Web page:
We didn't even leave Gyömöre until 3.30 this afternoon having spent most of the morning on the internet. It was a particularly happy collection of messages we received with the worrying exception of our friend in Brittany who continues to be very unwell. We are impressed with her fortitude facing permanent, exhausting treatment and our love and thoughts are with her for a speedy recovery.
It has been as suffocatingly hot as ever today and, having the cool house to ourselves, we were not inclined to rush away any sooner than necessary. So after finishing the plate of rétes for lunch we were seen off the premises by the dog – we felt quite guilty leaving her alone in the garden after we had become such good friends over the past few days. Our route took us by minor roads across the flat Kisalföld, through many pretty villages towards the Austrian border and the town of Sopron. It was here that Ian gave his paper at a local history conference some ten years ago that led to making many of the friendships we have renewed during our present visit.
We stopped at the attractive little town of Fertöd – not much more than a village really. Here there is the Esterházy castle. Yes, you have remembered correctly, we saw one yesterday in Pápa but they were a rich family and littered the Hungarian countryside with baroque castles. They are something of a mixed blessing today as they have all fallen into disrepair and restoration costs are phenomenal. Count Esterházy not only commissioned baroque churches and castles, he even employed composers to create works to be performed in the castles. So today Ian has led Jill a frustrating game of Haydn seek as we searched the little town for his residence in the bright hot sunshine of late afternoon. We eventually found both a plaque commemorating the work of Joseph Haydn and the castle of the Esterházys – magnificently restored at the front but rather dilapidated seen from the gardens behind.
The home of Joseph Haydn, Fertöd
Esterházy castle from the back, Fertöd
Needing a campsite for the night we moved on to Hegykö near the edge of the national park beside Lake Fertö where we are camping on a small site beside the thermal baths. We arrived at 6.15pm to discover the baths closed at 7pm. Jill abandoned Ian and Modestine and literally ran across the space between the campsite and the baths to plunge joyfully into the swimming pool. It almost sizzled with her heat! There are several thermal baths there as well but these are boring places filled with overweight Germans clutching doctor's prescriptions, absorbing the mineral salts in the 55°C natural spa water, bursting with all sorts of healthy minerals that have turned the water a suspicious shade of yellow. After a few lengths of the swimming pool Jill felt human again and we spent the evening drinking the chilled white wine we had been given in Gyömöre and arguing about whether the factual, historical content of the blog should be given precedence over the emotional feeling for the environment. Should we be reporting about churches, architecture, museums and culture or should we be observing people, events, landscapes and everyday life? We try to keep a balance but as Jill writes the blog she decides. We'd be interested to know your views.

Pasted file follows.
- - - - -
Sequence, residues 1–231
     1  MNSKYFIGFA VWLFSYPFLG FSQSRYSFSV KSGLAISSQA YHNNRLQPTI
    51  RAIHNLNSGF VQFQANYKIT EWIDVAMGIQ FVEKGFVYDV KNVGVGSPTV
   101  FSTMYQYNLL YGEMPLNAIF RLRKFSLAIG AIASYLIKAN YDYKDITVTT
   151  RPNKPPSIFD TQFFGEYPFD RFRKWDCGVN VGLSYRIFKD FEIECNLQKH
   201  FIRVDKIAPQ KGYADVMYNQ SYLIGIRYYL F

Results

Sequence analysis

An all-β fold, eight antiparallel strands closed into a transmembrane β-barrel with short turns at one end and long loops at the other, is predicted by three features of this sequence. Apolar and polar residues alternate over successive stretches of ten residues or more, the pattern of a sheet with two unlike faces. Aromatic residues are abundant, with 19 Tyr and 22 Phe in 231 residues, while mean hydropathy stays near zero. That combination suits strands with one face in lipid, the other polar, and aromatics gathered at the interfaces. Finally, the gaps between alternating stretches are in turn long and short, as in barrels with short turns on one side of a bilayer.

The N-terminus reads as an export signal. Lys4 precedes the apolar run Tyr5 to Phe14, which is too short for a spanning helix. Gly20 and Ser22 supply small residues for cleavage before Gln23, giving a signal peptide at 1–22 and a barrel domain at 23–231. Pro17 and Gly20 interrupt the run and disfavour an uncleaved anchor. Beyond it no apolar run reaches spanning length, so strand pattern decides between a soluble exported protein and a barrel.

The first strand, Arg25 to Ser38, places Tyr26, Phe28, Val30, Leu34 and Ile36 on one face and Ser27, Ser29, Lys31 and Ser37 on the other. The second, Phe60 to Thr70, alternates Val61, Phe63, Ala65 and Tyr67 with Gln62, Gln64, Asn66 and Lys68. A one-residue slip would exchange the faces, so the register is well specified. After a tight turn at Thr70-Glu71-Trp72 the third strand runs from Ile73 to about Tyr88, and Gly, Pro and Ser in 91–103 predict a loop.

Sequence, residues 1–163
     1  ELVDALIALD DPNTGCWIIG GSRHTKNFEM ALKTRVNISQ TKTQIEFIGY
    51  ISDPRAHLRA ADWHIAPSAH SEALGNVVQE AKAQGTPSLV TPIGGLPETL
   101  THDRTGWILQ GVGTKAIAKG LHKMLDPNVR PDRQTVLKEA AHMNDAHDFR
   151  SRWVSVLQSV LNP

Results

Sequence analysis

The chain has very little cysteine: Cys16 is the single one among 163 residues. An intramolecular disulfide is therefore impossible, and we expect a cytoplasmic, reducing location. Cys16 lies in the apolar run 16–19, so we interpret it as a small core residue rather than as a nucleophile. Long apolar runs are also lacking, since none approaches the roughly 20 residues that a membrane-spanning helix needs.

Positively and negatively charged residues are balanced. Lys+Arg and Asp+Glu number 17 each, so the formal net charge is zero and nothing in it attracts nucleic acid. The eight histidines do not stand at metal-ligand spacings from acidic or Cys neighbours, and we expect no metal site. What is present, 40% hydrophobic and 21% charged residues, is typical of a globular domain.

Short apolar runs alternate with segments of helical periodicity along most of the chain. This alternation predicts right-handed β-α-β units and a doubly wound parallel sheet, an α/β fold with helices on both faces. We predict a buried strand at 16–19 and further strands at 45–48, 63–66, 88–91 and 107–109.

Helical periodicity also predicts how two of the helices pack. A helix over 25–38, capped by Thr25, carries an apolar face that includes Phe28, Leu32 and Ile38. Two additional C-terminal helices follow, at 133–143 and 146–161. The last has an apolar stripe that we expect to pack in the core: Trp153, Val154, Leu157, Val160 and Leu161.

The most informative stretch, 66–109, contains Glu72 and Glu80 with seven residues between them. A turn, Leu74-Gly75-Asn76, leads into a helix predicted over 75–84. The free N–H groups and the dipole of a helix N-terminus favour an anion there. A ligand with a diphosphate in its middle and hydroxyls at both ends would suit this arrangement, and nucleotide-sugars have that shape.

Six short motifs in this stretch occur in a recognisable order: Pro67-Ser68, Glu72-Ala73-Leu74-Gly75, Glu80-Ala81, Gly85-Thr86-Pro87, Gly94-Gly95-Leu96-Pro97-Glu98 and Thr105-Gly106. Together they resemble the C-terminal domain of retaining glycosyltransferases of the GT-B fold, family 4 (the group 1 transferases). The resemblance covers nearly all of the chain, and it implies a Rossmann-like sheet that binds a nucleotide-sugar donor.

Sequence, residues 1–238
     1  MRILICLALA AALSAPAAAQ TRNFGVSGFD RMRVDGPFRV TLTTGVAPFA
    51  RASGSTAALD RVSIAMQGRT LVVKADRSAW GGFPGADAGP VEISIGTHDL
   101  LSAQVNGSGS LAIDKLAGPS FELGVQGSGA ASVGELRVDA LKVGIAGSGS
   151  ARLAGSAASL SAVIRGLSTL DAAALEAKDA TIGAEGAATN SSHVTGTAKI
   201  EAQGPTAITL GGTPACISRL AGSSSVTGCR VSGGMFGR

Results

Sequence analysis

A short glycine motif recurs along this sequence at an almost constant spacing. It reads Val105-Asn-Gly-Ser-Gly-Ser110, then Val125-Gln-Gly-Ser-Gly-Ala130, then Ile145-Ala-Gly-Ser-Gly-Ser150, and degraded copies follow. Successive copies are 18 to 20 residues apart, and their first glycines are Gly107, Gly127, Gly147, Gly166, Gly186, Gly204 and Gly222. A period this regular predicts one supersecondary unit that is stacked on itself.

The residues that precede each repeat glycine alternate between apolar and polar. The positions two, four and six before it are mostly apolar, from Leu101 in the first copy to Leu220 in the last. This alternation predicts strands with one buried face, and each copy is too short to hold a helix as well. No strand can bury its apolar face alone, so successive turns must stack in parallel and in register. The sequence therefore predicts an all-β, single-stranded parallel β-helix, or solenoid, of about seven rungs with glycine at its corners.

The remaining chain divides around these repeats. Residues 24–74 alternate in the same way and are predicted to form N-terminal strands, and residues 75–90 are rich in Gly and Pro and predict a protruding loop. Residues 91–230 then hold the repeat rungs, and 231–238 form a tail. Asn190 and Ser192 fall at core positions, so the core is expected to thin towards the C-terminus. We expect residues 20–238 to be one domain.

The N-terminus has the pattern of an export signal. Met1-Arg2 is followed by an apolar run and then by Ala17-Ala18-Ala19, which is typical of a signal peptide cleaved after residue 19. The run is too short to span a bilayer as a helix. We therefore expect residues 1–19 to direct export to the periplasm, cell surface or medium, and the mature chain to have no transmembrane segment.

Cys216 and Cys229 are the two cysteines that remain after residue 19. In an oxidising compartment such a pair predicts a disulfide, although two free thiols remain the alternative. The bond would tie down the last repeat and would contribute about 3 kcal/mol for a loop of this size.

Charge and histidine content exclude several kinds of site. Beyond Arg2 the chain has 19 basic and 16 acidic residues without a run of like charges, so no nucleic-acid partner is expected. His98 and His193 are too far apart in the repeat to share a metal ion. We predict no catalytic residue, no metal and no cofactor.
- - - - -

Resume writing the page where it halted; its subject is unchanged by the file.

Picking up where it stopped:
Lightning has been flickering through the trees for some time. It has now started to rain. It is the most wonderful refreshing sound in the world! The temperature has dropped and we feel so much better.
Friday 23rd June 2006 Fertöd, Hungary
What a difference a little rain can make! This morning the temperature was down to 27°C and the sky was overcast, though the brief shower yesterday is the best that has been offered. Filled with energy again, we left the campsite which really is a complete German holiday ghetto, and walked into the village. On the campsite German was the common language, every vehicle was German and all the signs were written in German only. It would be so easy to forget we are still in Hungary. The notice board advertised wellness clinics, massage, manicure, permanent make-up, saunas and cheap Hungarian dentists! Outside the campsite there is a completely different world with Hungarian villagers in front of their homes with mattocks and brooms cleaning their ditches or cutting their grass and ladies in aprons who wished us "jo nápot" rather than "Morgen" as we passed. The roadsides are lined with walnut and cherry trees heavy with ripe red fruit and many people have planted marigolds and roses beside their ditches.
Roadside cherries, Hegykö
A kilometre down the road we found the village grocery store where we bought fruit and salad vegetables, bread and wine and stocked up on a few tins, including a couple of mystery ones with labels completely in Hungarian just so we could discover what was inside! As we strolled back towards the campsite, picking ripe cherries as we went, we passed a group of German people who gasped in astonishment at our bags of shopping and the two litre bottle of Tokaj Furmint wine under Jill's arm! We can only assume they never go shopping in Hungary, either bringing all their food with them or eating in restaurants.